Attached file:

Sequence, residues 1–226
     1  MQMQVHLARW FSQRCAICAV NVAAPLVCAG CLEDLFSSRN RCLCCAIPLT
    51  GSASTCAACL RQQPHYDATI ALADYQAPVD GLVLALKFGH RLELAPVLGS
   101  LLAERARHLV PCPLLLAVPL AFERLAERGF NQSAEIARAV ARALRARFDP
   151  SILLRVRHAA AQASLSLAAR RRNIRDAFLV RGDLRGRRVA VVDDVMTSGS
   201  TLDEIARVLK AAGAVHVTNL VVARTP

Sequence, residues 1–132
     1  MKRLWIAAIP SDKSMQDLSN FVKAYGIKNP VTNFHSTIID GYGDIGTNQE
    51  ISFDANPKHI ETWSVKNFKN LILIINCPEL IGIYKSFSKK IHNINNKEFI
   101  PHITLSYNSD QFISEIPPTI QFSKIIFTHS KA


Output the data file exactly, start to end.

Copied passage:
Sequence, residues 1–226
     1  MQMQVHLARW FSQRCAICAV NVAAPLVCAG CLEDLFSSRN RCLCCAIPLT
    51  GSASTCAACL RQQPHYDATI ALADYQAPVD GLVLALKFGH RLELAPVLGS
   101  LLAERARHLV PCPLLLAVPL AFERLAERGF NQSAEIARAV ARALRARFDP
   151  SILLRVRHAA AQASLSLAAR RRNIRDAFLV RGDLRGRRVA VVDDVMTSGS
   201  TLDEIARVLK AAGAVHVTNL VVARTP

Sequence, residues 1–132
     1  MKRLWIAAIP SDKSMQDLSN FVKAYGIKNP VTNFHSTIID GYGDIGTNQE
    51  ISFDANPKHI ETWSVKNFKN LILIINCPEL IGIYKSFSKK IHNINNKEFI
   101  PHITLSYNSD QFISEIPPTI QFSKIIFTHS KA